MiR 043 Short – Lay vs Lie

Welcome to the Mark in Russia podcast network, episode #43, and I’m your host, Mark. This episode is part of my series of “Shorts” and by this I mean approximately 5 minute long podcasts which are aimed at explaining a Quick Grammar Tip.

You should go to the website, http:www.markinrussia.com and look at the show notes and vocabulary. You’ll get more out of the lesson if you are able to follow it in writing.

Today’s Quick Grammar Tip concerns the use Lay and Lie. Which is correct and when do we use it.

Even for native English speakers, the verbs “Lay” and “Lie” are two of the most confused and misused verbs in the English language. While there is not a magic formula that I can teach you that will clear everything up, there are a couple of tricks I can tell you about which will make it easier for you.

Well, first let’s get rid of some simple business. The verb “to lie”, meaning to say something that is not the truth is rather simple, so let’s get rid of this first. The forms are: Lie  Lied    Lied(past participle)            Lying (present participle)

The verb “Lie” that we’ll be dealing with in this episode is the one which means to “recline”

“Lie” is, in this context, a verb meaning to recline. It does not take an object. Its principal parts are “lie,” “lay,” “lain,” and “lying.”

As you can hear, the past tense of “lie” is “lay”, already-the-story-is-getting-confusing. I mean, the title of this episode is Lay vs. Lie and now we learn that the past tense of Lie is Lay; yeah, like I said………………….confusion is setting in.

Some examples using “lie”:

I want to lie down.

I lay down last night.

I have lain down many times.

I am lying down right now.

So, let’s now see that “to lie” is a verb which means to recline and it does not take an object.

Lie means that the subject is doing something to himself or herself. It’s what grammar nerds call a complete verb. When accompanied by subjects, complete verbs tell the whole story.

Now about “Lay”: “Lay” is a verb meaning to put or place something somewhere. It takes a direct object. Its principal parts are “lay,” “laid,” “laid,” and “laying.”

Some examples:

Every day I lay the book on the table.

Yesterday I laid the book on the table.

I have laid the book on the table many times.

I am laying the book on the table right now.

Lay, on the other hand, means that the subject is acting on something or someone else; therefore, it requires a complement to make sense. Thus lay always takes a direct object. Lie never does.

OK, for some of you things are now clear, but for others, including myself, we need some tricks to remember, or at least help us with this. Here’s one trick:

In the questionable spot, in other words where “lie” or “lay” would go, instead insert the word “place” or one of its forms. If the sentence still makes sense, then you need to use “lay”, or one of its forms. If it doesn’t sound right, then use “lie”. Here, let’s demonstrate this trick using the examples I’ve already given to you:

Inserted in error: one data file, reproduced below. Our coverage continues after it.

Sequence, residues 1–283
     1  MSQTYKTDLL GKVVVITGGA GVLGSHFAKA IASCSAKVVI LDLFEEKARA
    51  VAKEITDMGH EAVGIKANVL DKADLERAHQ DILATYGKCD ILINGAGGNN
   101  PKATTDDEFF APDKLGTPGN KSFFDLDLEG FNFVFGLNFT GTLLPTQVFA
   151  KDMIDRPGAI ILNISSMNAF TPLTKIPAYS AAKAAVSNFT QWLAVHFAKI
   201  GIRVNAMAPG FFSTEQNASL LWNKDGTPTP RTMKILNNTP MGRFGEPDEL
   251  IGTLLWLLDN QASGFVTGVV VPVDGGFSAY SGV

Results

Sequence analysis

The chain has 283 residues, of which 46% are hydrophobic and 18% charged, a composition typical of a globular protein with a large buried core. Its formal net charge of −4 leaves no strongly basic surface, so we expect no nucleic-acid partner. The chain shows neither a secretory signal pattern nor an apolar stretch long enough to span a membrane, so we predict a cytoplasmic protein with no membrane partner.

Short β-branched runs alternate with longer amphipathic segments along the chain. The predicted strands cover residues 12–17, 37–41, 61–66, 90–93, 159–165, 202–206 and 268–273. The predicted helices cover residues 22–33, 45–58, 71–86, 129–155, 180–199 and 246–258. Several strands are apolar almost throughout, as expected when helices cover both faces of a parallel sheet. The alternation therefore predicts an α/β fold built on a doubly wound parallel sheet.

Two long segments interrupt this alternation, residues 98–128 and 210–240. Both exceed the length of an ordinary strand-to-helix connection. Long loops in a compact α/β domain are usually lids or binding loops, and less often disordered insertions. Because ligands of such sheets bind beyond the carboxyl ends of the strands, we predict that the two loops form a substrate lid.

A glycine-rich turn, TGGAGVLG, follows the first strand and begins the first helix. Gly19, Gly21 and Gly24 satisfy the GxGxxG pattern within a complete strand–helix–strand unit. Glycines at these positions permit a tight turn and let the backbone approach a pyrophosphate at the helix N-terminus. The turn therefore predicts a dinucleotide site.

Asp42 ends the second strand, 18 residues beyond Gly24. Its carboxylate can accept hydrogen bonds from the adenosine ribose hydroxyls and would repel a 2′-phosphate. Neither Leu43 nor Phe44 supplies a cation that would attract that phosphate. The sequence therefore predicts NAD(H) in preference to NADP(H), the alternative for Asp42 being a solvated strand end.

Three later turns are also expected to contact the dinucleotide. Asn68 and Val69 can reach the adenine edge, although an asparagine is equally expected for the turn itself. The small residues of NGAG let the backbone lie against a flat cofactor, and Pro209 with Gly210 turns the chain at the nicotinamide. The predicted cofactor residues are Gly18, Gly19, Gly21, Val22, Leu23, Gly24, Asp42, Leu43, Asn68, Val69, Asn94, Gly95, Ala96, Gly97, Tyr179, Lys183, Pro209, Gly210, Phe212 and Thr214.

I want to place down.

Every day I place the book on the table.

Obviously, the first sentence sounds messed up, whereas the second sounds fine. So, using the “place” test, we know that the second sentence calls for “lay” and the first sentence calls for “lie”.

I hate to say this, but sometimes this just calls for making a chart of sorts. The top line would be for “recline” (lie) and would consist of these forms: lie lay       lain      lying and the second line would be to “place or put down” (lay) and would consist of these forms:      lay       laid      laid      laying.

Lie Lay Lain  Lying
Lay Laid Laid  Laying

Listen, you really, really need to look at the show notes for this episode in order to really understand what I’m describing. It’s next to impossible to describe a table of tenses to you via voice, in a way that would be even mildly interesting.

To condense this tip a bit; for now just remember the “place” test in order to determine whether you’ll be using a form of “lie” or a form of “lay”. You can check out the show notes for the various (and also confusing) forms of these verbs. At least the “place” test will determine which verb to use.

Well, this has been a long “quick tip” and I’m tired just talking about this. It may seem like only a topic a grammar nerd could love, but actually if you get this wrong, it could significantly alter the meaning of your sentence in sometimes a sexually suggestive way (and no, I won’t go into the explanations at this time, this isn’t the “learn to be a pervert” podcast). You’ll just have to take my word for this.

Thanks for listening through to the end of this week’s podcast, listen again next week for another Mark in Russia Quick Grammar tip. Until then, Good Bye!

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